John McClane is back! Well, kind of. In 1988, Bruce Willis’ portrayal of NY cop John McClane fighting terrorists in a high rise office building firmly established him as a viable action star in John McTiernan’s Die Hard. Followed by Renny Harlin’s Die Hard 2, which was set in an airport, the formula was now set, but it wouldn’t last long. For the third film, Die Hard With a Vengance, the wise-cracking John McClane was no longer fighting the system alone – now he had a buddy, in the unlikely pairing of Samuel L. Jackson. The scope of the locale was opened up as well, with most of Manhattan open to our hero. Now, 12 years later, the franchise is revisited, and John McClane is back – but the formula has been tossed out the window.
Live Free or Die Hard (aka Die Hard 4.0 overseas) finds McClane having issues with his daughter Lucy (Mary Elizabeth Winstead), when he is called in to escort computer hacker Matt Farrell (Justin Long) to the FBI’s Cybercrime Division in Washington D.C., because of a hack attempt. Unfortunately, McClane stumbled into something bigger, as a group of heavily armed individuals try to kill Farrell just as McClane arrives to pick him up. Of course, McClane dispatches of them in some clever ways, and as the film continues, we learn that a shadowy figure (Timothy Olyphant) is about to bring down the nation’s system, through the use of computer hacking. Will McClane stop him before chaos spreads across the nation? Will there be lots of action and explosions and excitement? Will there be lots of snarky one-liners? Will there be lots of sequences involving typing on a laptop? The answer, of course, is “yes”.
But the problem with this film is, while it makes a good cyberthriller action movie, it doesn’t make a very good Die Hard movie. McClane is now paired up again (with Farrell), and while he uses his street-smarts and fists nicely, it’s as though the character of John McClane (with a newly shaved head) has been thrust into a film in which he doesn’t belong. The setting is too big – instead of a singular location (an office building or an airport), now we have most of the mid-Atlantic states as the setting. The film takes us from New Jersey, to Washington D.C., to Maryland, and even to West Virginia. McClane also only has one obstacle in his way – the bad guys. In the first two films, he had people who were trying to do good, who only got in his way (the police, usually). Here, everyone wants to help – even Kevin Smith as “The Warlock”, an elite hacker whose cameo feels pretty forced.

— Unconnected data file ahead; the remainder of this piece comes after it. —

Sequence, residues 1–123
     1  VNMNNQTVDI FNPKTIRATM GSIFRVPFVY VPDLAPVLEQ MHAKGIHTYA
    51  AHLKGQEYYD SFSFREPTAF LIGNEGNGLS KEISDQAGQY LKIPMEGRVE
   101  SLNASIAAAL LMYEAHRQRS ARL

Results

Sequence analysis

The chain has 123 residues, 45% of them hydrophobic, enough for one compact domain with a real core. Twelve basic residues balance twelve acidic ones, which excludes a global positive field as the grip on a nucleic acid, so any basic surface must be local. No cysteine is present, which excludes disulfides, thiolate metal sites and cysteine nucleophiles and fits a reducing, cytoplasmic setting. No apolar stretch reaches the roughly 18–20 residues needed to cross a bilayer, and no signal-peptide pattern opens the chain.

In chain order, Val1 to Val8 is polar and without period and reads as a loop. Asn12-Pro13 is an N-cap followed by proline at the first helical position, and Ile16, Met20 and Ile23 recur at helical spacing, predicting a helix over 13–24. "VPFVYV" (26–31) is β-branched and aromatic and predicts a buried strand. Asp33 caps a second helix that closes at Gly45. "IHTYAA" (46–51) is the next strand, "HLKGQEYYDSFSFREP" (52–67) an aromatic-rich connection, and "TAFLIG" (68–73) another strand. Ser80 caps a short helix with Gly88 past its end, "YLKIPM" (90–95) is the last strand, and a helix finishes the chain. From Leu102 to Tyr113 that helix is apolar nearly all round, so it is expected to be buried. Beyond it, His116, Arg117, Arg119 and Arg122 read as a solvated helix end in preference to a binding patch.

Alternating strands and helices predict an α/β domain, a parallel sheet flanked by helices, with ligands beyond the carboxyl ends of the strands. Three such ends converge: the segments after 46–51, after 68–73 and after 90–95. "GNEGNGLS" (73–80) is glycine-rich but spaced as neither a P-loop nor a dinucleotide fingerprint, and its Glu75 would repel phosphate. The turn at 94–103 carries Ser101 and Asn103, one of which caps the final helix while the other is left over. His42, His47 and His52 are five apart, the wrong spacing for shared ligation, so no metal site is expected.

All that aside, the action is good – there are some fun and exciting sequences, and while McClane is portrayed as human – he does bleed and get injured – he also does plenty of things that defy physics and there is a sequence involving a big rig truck and a jet that is so over the top that it’s headshaking, although fun. The film, which is the only PG-13 Die Hard movie, has some sequences that were clearly re-dubbed to remove offending language. I can understand the need and desire by the studio to tone down the swears so as to get a better rating that could get more people to see the film, but in doing so, the character of John McClane is softened. We don’t get the snarky F-bombs that he drops so casually in the previous films.
Director Len Wiseman (Underworld) did an acceptable job with the film, and it has a pretty good visual look, and the energy is almost non-stop. The score by Marco Beltrami is similar in tone to his works for I, Robot and Terminator 3, with plenty of action. While he doesn’t weave a classical piece through the score, as Michael Kamen had for the past three films, he does use Kamen’s main theme – which is nice, but Kamen’s name shamefully shows up nowhere in the credits or album!
Live Free or Die Hard was entertaining, but ultimately fails as a Die Hard film. If you separate John McClane from the story, then it will work better. It’s flawed but fun, and will probably do alright at the box office – until Transformers squishes it less than a week after it opens.